SAEM Clinical Images Series: A Rare Case of Purpura

An 88-year-old female presented to the ER with a chief complaint of cough, vague abdominal pain, and a rash. The patient stated that she was started on Cipro eyedrops 1 or 2 days prior to presentation for a possible eye infection. A day prior to presentation she developed a purple purpuric rash on her lower extremities that gradually progressed up her legs, and was present on her buttocks thighs, and lower legs. It was not on her palms or soles. She had no mucous membrane involvement. She lives alone. The nursing home called EMS given the patient’s severe and progressive rash and the fact that the patient was feeling unwell. She had no fever, vomiting, foreign travel, other new drug exposure, or other complaints.

GI: Abdomen is mildly diffusely tender without guarding or rebound.

Skin: There are scattered petechiae and purpura on her lower extremities, thighs, and buttocks. They are somewhat raised, non-blanching, not itchy, and non-tender. They are most prominent on her buttocks and dependent areas of her body.

WBC: 7.8 with normal differential

Platelets: 423

Comprehensive metabolic panel (CMP): normal kidney function and electrolytes

ESR: 125 mm/hour

CRP: 89 mg/L

Urinalysis (UA): >9,8000 bacteria, nitrite positive

This patient’s history and physical are consistent with Henoch-Schönlein purpura (IgA Vasculitis).

Common triggers include infection, drugs, and autoimmune.

Take-Home Points

  • Consider IgA vasculitis, even in an older patient.
  • Ciprofloxacin has been documented as a cause of IgA vasculitis.
  • Steroids and NSAIDs are the treatment of choice, and this condition usually improves with time.

  • Gamboa F, Rivera JM, Gómez Mateos JM, Gomez-Gras E. Ciprofloxacin-induced Henoch-Schönlein purpura. Ann Pharmacother. 1995 Jan;29(1):84. doi: 10.1177/106002809502900119. PMID: 7711355.
  • Gkoufa A, Sakellariou S, Katsoulas N, Georgakopoulou VE, Lazaris A, Cholongitas E. Henoch-Schönlein purpura associated with ciprofloxacin. Dermatol Ther. 2021 Jan;34(1):e14591. doi: 10.1111/dth.14591. Epub 2020 Dec 3. PMID: 33244823.

SAEM Clinical Images Series: Post-Vaccination Rash


A 42-year old Bengali man with a history of hyperlipidemia presented to the Emergency Department with facial swelling, diffuse rash, renal insufficiency and proteinuria after receiving his COVID-19 vaccine (Moderna) booster dose. There were no adverse events with the first two doses of the vaccine except for mild transient sore throat and cough after the 2nd dose. Within a few hours after the booster dose, the patient noted a pruritic rash initially on his scalp, that then spread to his torso associated with facial swelling, fever, and chills. He presented to his primary care physician three days later. At that time, laboratory workup showed proteinuria, elevated C-reactive protein (65.2), and an elevated serum creatinine (2.84 mg/dl). He was advised to go to the Emergency Department.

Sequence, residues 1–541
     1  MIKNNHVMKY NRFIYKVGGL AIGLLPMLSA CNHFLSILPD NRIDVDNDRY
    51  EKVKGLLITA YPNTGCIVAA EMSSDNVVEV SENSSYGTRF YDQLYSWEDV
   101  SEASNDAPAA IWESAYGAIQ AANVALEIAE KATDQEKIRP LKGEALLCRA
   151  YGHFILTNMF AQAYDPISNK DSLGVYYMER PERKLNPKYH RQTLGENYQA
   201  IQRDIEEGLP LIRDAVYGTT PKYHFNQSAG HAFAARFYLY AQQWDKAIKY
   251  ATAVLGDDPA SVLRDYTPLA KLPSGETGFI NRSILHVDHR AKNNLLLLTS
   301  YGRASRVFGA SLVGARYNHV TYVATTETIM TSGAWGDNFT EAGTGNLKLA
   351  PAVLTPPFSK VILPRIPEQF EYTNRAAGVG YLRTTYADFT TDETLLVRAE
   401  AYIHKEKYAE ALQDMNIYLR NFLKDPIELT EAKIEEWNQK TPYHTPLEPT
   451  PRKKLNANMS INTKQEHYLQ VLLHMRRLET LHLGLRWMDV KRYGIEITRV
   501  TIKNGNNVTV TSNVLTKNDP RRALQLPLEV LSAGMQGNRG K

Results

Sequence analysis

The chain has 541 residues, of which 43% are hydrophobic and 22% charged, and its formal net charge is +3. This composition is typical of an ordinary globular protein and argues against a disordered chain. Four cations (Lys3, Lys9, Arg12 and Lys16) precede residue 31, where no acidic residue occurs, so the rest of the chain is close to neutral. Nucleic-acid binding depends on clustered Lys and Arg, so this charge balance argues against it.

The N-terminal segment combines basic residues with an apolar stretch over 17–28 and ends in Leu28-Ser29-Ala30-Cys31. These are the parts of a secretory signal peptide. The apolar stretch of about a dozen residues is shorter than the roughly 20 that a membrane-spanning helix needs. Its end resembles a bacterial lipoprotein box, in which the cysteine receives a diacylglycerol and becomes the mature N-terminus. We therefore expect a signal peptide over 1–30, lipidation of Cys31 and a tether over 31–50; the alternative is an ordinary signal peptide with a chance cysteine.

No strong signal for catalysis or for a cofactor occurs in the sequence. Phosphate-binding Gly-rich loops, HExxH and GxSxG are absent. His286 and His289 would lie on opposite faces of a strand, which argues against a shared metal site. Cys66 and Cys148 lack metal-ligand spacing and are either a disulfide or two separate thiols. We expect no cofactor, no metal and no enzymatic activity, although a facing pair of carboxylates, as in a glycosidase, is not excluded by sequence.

General: He was in no distress; his vital signs were normal.

Skin: While the facial swelling had improved, the rash had progressed to involve the entire body. There were multiple skin lesions with raised borders, and central clearing (Figures 1 and 2); no mucosal involvement was noted.

The rest of his physical exam including lung, cardiac, gastrointestinal, and neurological examinations were normal.

Laboratory workup in the ED revealed resolution of proteinuria with serum creatinine returning to normal baseline value (0.89 mg/dl).

The patient’s rash is a classic erythema multiforme (EM) rash. The mRNA COVID-19 vaccine is a lipid nano particle-encapsulated, nucleoside-modified mRNA vaccine that encodes the perfusion spike glycoprotein of the SARS-CoV-2 virus. Local reactions include mild to moderate pain at the injection site, and systemic effects including fatigue, fever, and headache, commonly appearing within 2-5 days after the second dose. Erythema multiforme has been reported as a cutaneous reaction after the COVID-19 mRNA vaccine. As per the vaccine adverse event reporting system (VAERS) from the Centers for Disease Control and Prevention, to date, there have been 284 reported cases of EM after the Moderna COVID-19 vaccine and 500 cases reported after the Pfizer vaccine. The exact pathogenesis of EM after the vaccine is unclear. This delayed hypersensitivity reaction is likely from sensitization to a vaccine component. It appears to be a T-cell mediated response making CD4+ helper T-1 cells, release of gamma-interferon, and then recruitment of auto-reactive T-cells. It should be differentiated from immediate IgE-mediated hypersensitivity reactions such as flushing, urticaria, angioedema, and hypotension that usually appear within minutes of administering the vaccine.

While immediate hypersensitivity is a contraindication for further doses, erythema multiforme and other such delayed manifestations should not discourage the use of additional COVID-19 mRNA doses if appropriate.

Take-Home Points

  • Erythema multiforme is a delayed hypersensitive reaction that may occur after COVID-19 mRNA vaccine.
  • This type of delayed hypersensitivity reaction, likely from sensitization to vaccine component, is not a contraindication to further COVID-19 boosters.